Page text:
Munotida Chinyanga is an Anti-Disciplinary Practitioner and Experience Designer creating work primarily through Direction and Sound Design. She’s co-artistic director of the international arts collective, state of the [art]. Her practice focusing on experimenting with ways to empower audiences to become active spectators and contribute to creative processes. Investigating how theatre/ performance and sonic art can facilitate the bringing together of a community. Working on ways we can mediate dialogue that is cross cultural.
Munotida studied BA & MA in Theatre Arts at Middlesex University focusing on Multidisciplinary practices, Sonic Art and International Collaboration. She has worked at venues such as; Omnibus Theatre, The Young Vic, The Gate theatre, Royal Exchange Manchester, CLEANBREAK. She was assistant director to Kwame Kwei-Armah (Artistic Director of the Young Vic) on Tree (2019), premiering at Manchester’s International Festival. International work includes Creative Europe residences in Serbia (2016), France (2017) and Malta (2017). She has directed productions and delivered masterclasses at Teatro India, The National Theatre of Rome and Teatro di Akrai, The National Institute of Ancient Drama, Sicily, YIYUAN TANG Museum in China supported by UKNA. Munotida was selected as the honorary International Artist for Parma Capitale Italiana della Cultura 2021 supported by BJCEM and Creative Europe.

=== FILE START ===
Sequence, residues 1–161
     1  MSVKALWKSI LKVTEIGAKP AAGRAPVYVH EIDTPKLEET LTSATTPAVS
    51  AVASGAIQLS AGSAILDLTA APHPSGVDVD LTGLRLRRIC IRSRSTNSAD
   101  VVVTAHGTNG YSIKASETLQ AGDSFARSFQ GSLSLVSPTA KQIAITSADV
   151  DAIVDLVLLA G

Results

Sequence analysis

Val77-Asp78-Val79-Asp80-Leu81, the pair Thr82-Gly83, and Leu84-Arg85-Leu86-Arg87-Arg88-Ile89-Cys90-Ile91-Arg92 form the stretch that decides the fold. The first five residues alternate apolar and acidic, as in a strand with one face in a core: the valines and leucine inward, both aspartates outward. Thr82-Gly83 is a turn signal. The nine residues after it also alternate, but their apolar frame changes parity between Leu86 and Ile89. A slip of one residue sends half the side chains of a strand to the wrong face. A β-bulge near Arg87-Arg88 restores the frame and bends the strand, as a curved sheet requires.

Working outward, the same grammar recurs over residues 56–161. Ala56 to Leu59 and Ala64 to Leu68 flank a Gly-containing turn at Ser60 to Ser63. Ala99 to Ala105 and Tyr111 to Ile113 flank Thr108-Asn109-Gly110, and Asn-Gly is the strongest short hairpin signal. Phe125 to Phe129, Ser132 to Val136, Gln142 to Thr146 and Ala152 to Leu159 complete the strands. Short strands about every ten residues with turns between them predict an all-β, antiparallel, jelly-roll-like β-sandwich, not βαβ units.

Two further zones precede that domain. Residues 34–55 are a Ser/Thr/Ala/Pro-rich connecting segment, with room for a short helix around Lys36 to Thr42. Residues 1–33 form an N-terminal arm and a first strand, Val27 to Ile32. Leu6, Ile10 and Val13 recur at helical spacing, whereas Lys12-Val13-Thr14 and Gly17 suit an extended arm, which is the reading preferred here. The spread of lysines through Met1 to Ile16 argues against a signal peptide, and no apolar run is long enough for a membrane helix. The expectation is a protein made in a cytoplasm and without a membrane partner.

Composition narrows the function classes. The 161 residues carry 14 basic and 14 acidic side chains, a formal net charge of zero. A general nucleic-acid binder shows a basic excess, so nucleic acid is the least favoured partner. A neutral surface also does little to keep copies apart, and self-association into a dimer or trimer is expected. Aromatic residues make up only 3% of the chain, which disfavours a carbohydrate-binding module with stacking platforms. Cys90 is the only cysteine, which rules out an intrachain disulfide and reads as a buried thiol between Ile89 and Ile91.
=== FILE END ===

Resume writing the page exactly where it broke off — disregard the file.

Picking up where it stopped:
We'll work with Tida to consider how she can root her practice - which involves ambitious co-creation, tech integration and work in Italy, China and India - within the local Camden community. CPT and ODAC will support Tida to develop her company model and processes with space to R&D and experiment.
Outside the Box
SHYBAIRN create live performance for social change. They collaborate with artists and activists to create performance alongside campaigns for justice. They are a BREACH Theatre Associate Company 2021-22.
Projects include: BURNOUT, an interactive play about privilege, activism and climate justice, written by Nicole Acquah, devised by the company, and co-created with climate activists who felt marginalised within the UK climate movement; and TALK PROPA, a truly northern fuck-you to the southern elite, a devised play about accent and identity, featuring gravy.
THIS IS WHAT UTOPIA LOOKS LIKE
“It is more important than ever to harness the optimism & imagination required to build the world we so urgently need. We need a new narrative, a new story for the future.” - Alice Aedy, Climate Storyteller